Virginia to Again Honor Iraq Veteran Through Wounded Warrior Project
Charlottesville, VA During Saturday’s home football game against Wake Forest, the Virginia athletics department will again honor the men and women of the United States Armed Forces who have been severely injured during conflicts in Iraq, Afghanistan and other locations around the world by participating in the Wounded Warrior Project. Virginia’s first participation in the program was for the Oct. 13 home football game against Connecticut.
A non-profit organization whose motto is “The Greatest Casualty is Being Forgotten,” the Wounded Warrior Project has partnered with the National Association of Collegiate Directors of Athletics (NACDA) to raise awareness in the collegiate community.
Dean Schwartz has been selected as the serviceman who will be Virginia’s honorary game captain. He will participate in the pregame coin toss with the team captains and will be recognized on the field.
Schwartz resides in Wise, Va., where he is pursuing a degree in business administration at UVa-Wise. He enlisted in the Virginia Army National Guard in February of 2002 and was activated into service twice as a bridge crewmember and combat engineer. Schwartz’s second activation was to Mosul, Iraq. After two months of the deployment he was injured in an RPG (rocket propelled grenade) attack while on a road repair mission. The RPG that struck his vehicle severed his left leg at the knee. Schwartz spent a month at Walter Reed Medical Center and another eight months in rehabilitation.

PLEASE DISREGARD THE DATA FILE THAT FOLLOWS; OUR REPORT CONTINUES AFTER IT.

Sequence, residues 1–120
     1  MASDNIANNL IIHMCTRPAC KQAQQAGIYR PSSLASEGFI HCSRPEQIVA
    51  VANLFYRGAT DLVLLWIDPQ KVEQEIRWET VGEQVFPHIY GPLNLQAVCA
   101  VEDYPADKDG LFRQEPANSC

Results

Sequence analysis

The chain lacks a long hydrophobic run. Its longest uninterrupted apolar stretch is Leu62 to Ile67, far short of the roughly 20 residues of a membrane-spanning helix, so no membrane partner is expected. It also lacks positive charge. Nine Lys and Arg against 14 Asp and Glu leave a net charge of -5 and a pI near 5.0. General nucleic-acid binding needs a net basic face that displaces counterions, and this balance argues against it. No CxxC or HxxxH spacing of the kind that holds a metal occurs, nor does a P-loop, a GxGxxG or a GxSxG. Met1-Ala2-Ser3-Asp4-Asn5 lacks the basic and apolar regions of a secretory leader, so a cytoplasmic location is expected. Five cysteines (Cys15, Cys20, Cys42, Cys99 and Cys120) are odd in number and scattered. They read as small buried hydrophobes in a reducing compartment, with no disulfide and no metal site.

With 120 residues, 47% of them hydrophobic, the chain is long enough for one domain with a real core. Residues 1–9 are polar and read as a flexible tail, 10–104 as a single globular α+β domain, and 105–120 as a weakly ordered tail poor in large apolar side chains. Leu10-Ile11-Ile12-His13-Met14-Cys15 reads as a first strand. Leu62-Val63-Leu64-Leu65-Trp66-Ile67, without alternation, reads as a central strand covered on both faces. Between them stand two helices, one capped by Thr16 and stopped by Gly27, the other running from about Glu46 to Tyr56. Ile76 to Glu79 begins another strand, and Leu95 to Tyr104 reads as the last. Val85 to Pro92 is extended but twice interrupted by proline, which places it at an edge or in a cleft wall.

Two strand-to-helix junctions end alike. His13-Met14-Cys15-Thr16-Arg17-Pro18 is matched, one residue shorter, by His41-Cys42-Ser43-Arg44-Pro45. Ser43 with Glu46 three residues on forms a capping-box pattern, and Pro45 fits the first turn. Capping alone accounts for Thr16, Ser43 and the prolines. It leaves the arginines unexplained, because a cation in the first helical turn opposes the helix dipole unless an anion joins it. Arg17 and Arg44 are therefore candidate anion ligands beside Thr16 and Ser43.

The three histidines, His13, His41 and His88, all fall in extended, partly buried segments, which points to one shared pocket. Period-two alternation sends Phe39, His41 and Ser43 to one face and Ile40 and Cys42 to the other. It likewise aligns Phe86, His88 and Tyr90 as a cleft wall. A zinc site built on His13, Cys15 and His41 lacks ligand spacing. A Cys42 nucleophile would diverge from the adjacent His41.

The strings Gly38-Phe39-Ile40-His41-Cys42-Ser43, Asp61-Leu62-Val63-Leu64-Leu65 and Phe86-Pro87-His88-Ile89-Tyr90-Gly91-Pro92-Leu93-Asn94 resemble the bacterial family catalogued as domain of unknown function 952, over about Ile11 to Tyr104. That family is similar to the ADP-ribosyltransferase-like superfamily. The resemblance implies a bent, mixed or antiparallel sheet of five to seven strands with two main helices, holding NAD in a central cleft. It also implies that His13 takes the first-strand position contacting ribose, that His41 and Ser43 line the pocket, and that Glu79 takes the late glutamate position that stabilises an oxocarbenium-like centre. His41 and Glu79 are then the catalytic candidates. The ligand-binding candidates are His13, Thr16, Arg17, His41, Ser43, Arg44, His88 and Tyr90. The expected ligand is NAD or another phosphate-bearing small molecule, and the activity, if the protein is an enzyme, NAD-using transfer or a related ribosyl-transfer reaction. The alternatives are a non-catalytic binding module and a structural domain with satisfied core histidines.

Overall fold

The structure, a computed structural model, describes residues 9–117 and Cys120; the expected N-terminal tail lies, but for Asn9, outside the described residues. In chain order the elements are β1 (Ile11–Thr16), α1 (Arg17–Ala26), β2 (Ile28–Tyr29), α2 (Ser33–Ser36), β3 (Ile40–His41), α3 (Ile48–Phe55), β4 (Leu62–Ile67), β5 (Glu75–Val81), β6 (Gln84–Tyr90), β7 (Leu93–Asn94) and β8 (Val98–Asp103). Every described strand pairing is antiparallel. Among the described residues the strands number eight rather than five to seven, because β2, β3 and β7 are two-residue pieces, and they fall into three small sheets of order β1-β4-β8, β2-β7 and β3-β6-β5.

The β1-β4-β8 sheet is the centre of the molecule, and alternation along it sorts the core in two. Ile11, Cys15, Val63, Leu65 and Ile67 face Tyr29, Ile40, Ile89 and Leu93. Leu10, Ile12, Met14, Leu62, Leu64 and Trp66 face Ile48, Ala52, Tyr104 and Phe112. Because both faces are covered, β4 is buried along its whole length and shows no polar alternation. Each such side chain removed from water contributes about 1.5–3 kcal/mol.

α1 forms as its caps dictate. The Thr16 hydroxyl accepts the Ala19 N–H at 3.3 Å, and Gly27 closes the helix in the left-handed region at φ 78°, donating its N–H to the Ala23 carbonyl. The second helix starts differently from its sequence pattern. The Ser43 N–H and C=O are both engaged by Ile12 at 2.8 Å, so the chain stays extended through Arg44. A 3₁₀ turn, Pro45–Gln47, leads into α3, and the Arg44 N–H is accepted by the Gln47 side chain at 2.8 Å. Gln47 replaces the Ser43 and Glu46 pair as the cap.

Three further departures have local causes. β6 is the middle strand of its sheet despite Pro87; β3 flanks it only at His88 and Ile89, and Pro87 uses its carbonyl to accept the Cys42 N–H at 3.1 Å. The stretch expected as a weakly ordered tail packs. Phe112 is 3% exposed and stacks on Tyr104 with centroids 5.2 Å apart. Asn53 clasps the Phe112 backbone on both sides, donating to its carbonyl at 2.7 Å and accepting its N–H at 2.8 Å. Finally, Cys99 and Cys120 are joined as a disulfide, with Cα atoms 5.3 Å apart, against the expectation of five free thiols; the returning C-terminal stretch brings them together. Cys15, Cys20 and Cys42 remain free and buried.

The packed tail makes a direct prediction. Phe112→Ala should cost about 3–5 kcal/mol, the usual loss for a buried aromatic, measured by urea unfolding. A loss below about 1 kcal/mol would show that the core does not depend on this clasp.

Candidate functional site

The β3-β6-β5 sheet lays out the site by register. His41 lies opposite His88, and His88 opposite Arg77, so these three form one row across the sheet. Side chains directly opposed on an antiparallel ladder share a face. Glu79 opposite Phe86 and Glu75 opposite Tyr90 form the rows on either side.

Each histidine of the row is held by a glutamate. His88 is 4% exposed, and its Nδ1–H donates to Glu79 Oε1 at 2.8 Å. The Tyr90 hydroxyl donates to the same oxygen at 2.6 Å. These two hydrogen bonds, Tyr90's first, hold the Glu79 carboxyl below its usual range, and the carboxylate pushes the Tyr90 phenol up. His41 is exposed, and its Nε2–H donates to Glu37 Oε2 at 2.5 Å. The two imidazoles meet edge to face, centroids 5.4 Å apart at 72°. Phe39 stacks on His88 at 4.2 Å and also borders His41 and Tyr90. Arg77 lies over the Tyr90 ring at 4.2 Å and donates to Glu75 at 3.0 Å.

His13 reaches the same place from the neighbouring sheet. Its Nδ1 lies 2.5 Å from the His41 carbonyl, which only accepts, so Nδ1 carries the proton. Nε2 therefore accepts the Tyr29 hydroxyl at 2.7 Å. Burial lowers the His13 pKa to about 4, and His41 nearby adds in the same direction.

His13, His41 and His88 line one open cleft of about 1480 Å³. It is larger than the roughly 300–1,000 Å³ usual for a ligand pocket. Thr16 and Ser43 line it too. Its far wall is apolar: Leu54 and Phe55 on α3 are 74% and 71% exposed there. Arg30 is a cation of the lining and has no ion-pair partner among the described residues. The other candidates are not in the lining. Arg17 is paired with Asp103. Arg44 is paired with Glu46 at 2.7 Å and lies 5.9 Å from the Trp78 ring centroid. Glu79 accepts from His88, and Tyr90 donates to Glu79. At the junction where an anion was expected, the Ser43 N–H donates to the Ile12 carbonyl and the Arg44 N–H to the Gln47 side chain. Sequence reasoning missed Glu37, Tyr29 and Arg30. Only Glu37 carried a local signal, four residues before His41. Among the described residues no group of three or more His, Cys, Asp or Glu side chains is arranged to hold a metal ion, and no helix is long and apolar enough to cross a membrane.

Since completing his rehabilitation, Schwartz has remained active in a number of sports including cycling, skiing and kayaking. He recently completed the New York City Marathon on a hand cycle. The event marked the first time he ever rode a hand cycle.
“I could not be more proud of my military service,” Schwartz said in the questionnaire for the Wounded Warrior Project. “I have no regrets about joining the military or serving my country in Iraq. I find inspiration in the accomplishments of others in a similar situation as me.”
“We had a tremendous response from the players and coaches in our football program the first time we participated in the Wounded Warrior Project,” said Virginia Director of Athletics Craig Littlepage. “We are honored to have Mr. Schwartz join us for Saturday’s game to help show our respect for the bravery and sacrifice shown by these women and men who make up our armed forces.”
The Wounded Warrior Project (WWP) is a non-profit organization aimed at assisting those men and women of the United States armed forces who have been severely injured during the war on terrorism in Iraq, Afghanistan and other hot spots around the world. Beginning at the bedside of the severely wounded, WWP provides programs and services designated to ease the burdens of these heroes and their families, aid in the recovery process and smooth the transition back to civilian life.
“NACDA is proud to be associated with the Wounded Warrior Project,” said Lee McElroy, NACDA president and director of athletics at the University at Albany. “This relationship will allow our member institutions, student-athletes and fans to recognize and honor the men and women who have risked their lives for our well being and assist them on their road to recovery.”
“While stationed overseas in Iraq and Afghanistan, our nation’s military personnel participated in sports during their downtime and even after severe injury, wounded service members continue to use athletic endeavors as a tool in their rehabilitation,” said John Melia, Founder and Executive Director of WWP. “I am confident this relationship will be rewarding and lasting for the Wounded Warrior Project.”